Julian Huxley7 also had a very eventful life and we owe him many ideas and concepts that continue to dominate our minds until this day. Here some interesting facts about Julian Huxley, brother of Aldous Huxley (Brave New World):

  • Evolutionary Biologist, Eugenicist, and Internationalist
  • President of the British Eugenics Society
  • First Director-General of the UNESCO
  • Inventor of the Word “Transhumanism”
  • Inventor of concept of the Tin Foil Hat8
  • Humanist of the Year
  • Advocate of sterilization and the “the virtual elimination of the few lowest and most degenerate types”
  • One of the first Apologists of Natural Selection as the Primary Agent in Evolution
  • Predicted that the world’s population will rise to 6 billion by 2000 (The United Nations Population Fund marked 12 October 1999 as The Day of Six Billion)

If you want to dig deeper in the topic and get first hand information, watch the following video. It was sent to me by Robert Forte, who knew Tim Leary and edited – for example – his Festschrift. Also check https://burners.me/tag/robert-forte/ for a short background information on this video.


  1. https://en.wikipedia.org/wiki/Ken_Kesey
  2. https://en.wikipedia.org/wiki/Robert_Hunter_(lyricist)
  3. https://www.counterpunch.org/1999/07/15/ted-k-the-cia-lsd/
  4. https://www.ncbi.nlm.nih.gov/pmc/articles/PMC381240
  5. https://en.wikipedia.org/wiki/H._G._Wells
  6. https://en.wikipedia.org/wiki/The_Science_of_Life
  7. https://en.wikipedia.org/wiki/Julian_Huxley
  8. https://en.wikipedia.org/wiki/Tin_foil_hat
  • Kasia
    Januar 16, 2018

    Dear Author of this article,

    I dig quite deep into MK ULTRA stuff and just discovered your article. Mostly, because some of my friends are big fans of Huxley. I’ve already come across information debunking Huxley as visionaire and genius and unmasking him as CIA asset and cold methodic co-designer of human experiments, if I may put it this way. I was looking for such compact and eye opening material, as yours. My point is this. I come from Poland and have troubles understanding the context of the conversation from the second movie. What exactly does Osmond mean calling “this fellow” “a little bit square”? Why does he refer to the description of Leary as the “last satisfactory ever” and that “even the greatest enemies would never make that description”? Why is it so bad description and what is in this context the meaning of the word “square”? Is it old-fashioned, or honest, or direct? I can’t get it. Would appreciate your answer :). Greetings from Poland!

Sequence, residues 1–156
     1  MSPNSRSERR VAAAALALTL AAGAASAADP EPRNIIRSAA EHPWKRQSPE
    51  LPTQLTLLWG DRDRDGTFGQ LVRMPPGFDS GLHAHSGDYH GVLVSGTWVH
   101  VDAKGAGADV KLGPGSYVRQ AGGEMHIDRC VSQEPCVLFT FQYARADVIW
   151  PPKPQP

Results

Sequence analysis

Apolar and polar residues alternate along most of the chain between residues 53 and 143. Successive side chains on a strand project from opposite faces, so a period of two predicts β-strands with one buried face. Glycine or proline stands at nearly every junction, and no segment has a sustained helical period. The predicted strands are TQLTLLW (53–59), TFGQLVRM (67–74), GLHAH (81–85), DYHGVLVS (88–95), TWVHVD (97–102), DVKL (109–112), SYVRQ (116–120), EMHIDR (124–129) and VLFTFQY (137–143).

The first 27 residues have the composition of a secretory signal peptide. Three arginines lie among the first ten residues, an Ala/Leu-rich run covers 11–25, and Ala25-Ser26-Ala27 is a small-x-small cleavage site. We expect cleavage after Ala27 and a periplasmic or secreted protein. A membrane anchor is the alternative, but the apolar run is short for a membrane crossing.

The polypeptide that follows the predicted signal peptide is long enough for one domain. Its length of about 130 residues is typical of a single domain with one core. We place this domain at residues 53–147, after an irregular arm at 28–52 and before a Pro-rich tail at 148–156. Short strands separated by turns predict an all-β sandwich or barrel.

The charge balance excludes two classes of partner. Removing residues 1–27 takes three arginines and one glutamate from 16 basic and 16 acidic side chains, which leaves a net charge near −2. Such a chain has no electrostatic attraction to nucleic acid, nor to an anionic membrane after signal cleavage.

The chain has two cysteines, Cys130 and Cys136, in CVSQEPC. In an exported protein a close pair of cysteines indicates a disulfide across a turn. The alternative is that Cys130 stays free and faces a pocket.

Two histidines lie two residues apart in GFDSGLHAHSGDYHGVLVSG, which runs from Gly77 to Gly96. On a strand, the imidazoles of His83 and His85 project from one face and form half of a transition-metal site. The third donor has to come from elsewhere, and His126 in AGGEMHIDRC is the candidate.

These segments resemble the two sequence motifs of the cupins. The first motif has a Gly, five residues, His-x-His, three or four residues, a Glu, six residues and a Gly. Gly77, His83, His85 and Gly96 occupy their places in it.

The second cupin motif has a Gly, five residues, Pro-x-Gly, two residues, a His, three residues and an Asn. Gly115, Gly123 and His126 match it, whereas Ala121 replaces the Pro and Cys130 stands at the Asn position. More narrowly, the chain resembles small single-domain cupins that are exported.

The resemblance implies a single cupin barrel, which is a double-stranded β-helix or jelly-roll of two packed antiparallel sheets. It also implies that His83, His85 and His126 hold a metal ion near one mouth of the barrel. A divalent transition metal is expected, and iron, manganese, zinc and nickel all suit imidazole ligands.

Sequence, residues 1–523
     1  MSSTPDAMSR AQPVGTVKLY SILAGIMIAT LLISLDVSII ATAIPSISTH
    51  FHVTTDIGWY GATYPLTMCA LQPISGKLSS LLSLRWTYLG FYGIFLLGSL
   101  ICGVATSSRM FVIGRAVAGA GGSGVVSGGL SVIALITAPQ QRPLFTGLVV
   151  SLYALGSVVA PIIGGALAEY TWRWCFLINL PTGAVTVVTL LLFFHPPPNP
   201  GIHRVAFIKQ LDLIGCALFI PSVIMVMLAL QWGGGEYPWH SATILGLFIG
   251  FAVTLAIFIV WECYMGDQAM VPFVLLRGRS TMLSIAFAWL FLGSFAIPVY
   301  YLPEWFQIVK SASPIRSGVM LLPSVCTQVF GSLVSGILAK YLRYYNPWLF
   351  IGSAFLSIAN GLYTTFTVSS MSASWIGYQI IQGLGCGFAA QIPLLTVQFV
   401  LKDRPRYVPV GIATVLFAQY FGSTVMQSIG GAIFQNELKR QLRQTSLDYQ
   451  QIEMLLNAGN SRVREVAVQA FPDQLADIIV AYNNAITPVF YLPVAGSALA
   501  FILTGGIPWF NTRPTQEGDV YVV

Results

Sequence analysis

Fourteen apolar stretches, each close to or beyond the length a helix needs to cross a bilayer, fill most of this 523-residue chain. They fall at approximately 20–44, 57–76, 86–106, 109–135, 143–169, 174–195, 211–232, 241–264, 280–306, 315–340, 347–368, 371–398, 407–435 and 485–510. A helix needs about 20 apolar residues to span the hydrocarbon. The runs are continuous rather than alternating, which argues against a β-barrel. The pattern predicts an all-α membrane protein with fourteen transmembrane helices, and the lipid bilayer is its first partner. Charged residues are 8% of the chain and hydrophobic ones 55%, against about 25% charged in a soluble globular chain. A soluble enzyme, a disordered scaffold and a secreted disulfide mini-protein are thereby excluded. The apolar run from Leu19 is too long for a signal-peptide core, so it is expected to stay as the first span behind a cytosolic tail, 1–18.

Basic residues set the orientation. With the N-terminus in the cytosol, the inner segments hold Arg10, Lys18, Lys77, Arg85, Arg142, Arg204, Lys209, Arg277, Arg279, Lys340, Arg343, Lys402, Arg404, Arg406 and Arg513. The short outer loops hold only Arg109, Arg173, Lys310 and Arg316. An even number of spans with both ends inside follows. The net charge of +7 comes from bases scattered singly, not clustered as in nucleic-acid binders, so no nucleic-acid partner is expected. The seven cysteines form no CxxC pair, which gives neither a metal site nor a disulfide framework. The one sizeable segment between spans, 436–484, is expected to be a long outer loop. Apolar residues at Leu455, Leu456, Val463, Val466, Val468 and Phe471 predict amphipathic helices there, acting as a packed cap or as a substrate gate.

• DialecticReborn
      Februar 7, 2018

      Sorry for the late answer. I’m from Germany, so my english is also not that good. Short: In my opinion, in this by Osmond told story, it should seem direct, with a bit of upper-class irony and nonconformity. What Osmond maybe is trying to convey by his story, that at the time of recruitment Timothy Leary seemed to be a little too normal and boring to him – with his “gray flannel suite and his crew cut” – to promote such a very extraordinary thing like the taking of LSD. Timothy Leary was also not – like Huxley – a world-famous author from a family of the British upper class with a long line of ancestors – but a simple university lecturer – typical American middle class – nothing special. At the time the posted video was filmed, he was in contrast seen as one of the leading intellectuals of the counter culture (LSD, Hippies & Co.) with it’s big effects on society – anything but a “square” middle-class lecturer. For some, he may have been the herald of the new age, for others a mad professor and public enemy number 1 (as promoter of drugs /LSD). That’s the punchline. Therefore – “the least satisfactory description of you ever made”. It may even be more a compliment what Osmond says in restropective about Leary’s recruitment in this video – even if it masquerades as the opposite. Because it indirectly emphasizes that Leary was a very normal and therefore serious scientist.